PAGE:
But when we come to discuss the question as to what is an adequate capital, we find ourselves confronted with many difficulties, such as we do not encounter in the case of industrial and other companies. Where experts will differ no wonder the layman will find himself greatly perplexed. No golden rule can be laid down, and the capital, like many other things, must vary with the circumstances of each mine and company. We must in the majority of cases use our common-sense, and where that is lacking, then, of course, we must trust a great deal to chance. In the first place, the capital of a company should be in proportion to the area of the property which it is purchasing. The majority of experts, I believe, consider that for a good property of from 12 to 50 acres the capital should be fixed between £100,000 and £150,000, out of which sum a fair amount of working capital may be provided, both to develop the mine and to put up a fair-sized battery. But if the mine turns out to be a very poor one, the yield small, and the working expenses great, then, of course, such a capital would be far too much, for no dividends could be paid upon it. No mining company, however, ought to be floated with less than £100,000, except in those cases where a great amount of development work has been done, where machinery is already provided, and where returns are about to be made. In such rare cases considerably less capital will be sufficient.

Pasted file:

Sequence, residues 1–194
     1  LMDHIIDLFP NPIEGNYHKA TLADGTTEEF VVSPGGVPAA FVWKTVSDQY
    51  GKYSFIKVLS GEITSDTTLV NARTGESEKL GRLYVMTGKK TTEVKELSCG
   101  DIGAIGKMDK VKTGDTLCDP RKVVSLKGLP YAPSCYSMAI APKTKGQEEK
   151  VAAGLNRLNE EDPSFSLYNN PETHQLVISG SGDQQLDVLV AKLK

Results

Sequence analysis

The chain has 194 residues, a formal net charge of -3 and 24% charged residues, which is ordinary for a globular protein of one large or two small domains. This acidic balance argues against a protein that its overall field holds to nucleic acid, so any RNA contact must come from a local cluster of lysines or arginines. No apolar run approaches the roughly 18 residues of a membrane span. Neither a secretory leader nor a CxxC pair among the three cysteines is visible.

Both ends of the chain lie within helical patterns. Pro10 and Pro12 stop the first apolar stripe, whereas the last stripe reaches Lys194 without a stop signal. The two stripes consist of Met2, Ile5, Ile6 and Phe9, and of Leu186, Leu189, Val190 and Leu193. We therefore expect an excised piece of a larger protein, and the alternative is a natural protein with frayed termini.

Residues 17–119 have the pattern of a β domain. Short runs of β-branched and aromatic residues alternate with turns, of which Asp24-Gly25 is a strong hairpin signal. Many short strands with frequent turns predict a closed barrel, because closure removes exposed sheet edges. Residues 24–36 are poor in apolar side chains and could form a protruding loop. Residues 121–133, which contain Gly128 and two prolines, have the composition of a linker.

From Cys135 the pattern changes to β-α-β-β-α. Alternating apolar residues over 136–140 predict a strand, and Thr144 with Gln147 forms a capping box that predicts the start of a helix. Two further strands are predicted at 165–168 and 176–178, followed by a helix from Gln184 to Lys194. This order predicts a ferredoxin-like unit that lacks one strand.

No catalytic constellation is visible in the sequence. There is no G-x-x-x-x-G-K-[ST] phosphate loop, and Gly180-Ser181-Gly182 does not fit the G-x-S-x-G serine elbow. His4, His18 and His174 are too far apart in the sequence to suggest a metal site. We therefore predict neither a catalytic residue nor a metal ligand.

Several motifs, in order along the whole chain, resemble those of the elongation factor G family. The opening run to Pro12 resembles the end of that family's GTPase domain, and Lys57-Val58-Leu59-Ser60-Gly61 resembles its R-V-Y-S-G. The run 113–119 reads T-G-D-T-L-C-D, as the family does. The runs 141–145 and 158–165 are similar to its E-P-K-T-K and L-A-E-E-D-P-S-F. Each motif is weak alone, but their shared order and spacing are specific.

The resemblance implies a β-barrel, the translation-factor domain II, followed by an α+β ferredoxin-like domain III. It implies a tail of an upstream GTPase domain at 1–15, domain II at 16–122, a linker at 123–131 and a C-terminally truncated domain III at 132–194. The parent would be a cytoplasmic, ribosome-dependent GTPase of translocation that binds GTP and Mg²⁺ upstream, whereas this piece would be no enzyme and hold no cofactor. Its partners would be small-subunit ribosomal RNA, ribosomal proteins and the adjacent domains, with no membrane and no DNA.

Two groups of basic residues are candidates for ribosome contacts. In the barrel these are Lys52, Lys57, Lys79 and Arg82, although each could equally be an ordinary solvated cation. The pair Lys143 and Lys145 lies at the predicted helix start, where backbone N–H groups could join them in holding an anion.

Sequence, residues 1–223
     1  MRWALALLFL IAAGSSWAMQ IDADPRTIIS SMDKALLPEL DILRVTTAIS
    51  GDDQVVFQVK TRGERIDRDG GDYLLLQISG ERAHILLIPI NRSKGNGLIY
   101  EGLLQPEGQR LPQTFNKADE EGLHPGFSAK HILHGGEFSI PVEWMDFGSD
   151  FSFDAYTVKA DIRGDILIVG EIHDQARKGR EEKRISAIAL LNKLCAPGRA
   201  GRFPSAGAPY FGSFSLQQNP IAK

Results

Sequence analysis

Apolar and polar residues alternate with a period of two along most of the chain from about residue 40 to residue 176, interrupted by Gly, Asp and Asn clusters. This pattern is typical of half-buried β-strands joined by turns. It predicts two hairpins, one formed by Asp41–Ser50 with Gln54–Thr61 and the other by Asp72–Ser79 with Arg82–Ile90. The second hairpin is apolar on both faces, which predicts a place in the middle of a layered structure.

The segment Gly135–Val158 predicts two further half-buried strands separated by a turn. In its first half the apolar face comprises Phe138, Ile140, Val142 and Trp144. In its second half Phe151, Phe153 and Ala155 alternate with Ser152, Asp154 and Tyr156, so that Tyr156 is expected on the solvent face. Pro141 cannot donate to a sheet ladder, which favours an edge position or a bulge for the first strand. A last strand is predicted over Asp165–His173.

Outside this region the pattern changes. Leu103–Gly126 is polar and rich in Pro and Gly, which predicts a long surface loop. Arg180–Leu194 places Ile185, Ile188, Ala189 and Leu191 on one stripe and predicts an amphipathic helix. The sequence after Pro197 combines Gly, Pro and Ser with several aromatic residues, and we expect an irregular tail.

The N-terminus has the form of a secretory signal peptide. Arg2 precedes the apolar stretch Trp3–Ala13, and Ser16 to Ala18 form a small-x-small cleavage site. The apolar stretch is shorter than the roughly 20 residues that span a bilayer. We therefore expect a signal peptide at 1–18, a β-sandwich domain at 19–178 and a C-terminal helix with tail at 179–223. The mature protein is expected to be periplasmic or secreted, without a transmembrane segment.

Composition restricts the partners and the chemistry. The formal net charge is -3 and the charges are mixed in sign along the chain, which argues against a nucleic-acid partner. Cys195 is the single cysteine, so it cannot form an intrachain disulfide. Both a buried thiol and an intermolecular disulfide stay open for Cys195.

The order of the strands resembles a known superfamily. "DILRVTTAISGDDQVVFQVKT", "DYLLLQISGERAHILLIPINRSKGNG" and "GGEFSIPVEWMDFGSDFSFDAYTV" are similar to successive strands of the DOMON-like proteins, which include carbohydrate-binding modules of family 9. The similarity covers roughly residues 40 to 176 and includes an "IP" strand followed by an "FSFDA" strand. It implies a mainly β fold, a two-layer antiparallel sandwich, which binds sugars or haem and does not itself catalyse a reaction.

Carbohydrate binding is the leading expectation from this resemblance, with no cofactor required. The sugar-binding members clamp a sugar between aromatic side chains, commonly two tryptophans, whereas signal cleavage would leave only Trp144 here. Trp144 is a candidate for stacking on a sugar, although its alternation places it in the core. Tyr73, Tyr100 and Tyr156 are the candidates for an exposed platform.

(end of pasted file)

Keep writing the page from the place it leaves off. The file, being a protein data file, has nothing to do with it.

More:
But we see some mines with quite a small area floated with a capital of half a million or three-quarters of a million, nearly all of which, with the exception of a small sum for working capital, is paid to the vendors and taken by the promoters, and in any such company I think it would invariably be wise not to put one's money. Some companies, on the other hand, take up properties of several thousands of acres, and are floated with an exceedingly small capital, but it is obvious that they do not intend to develop the whole of it. That would be impossible. They intend merely to open up a small area of it, and to float the rest of the property into subsidiary concerns, and thus make their profits out of promotion. These are chiefly finance and exploration companies, which meet with considerable success when a new gold-field is opened up, and thus they may be good speculative shares. But, as a rule, their lives are short and sweet, especially if the subsidiary companies turn out to be worthless, as we find to be frequently the case. But as these companies themselves are speculators, and make their profits by speculating in the market, they are great competitors of the private speculator, though that competition might be of real assistance to the astute, clever man. Some of them turn out to be good investments, like the Consolidated Gold Fields of South Africa, the South African Gold Trust, Rand Mines, and one or two others, but, nevertheless, they must be regarded as, in the majority of cases, precarious and risky.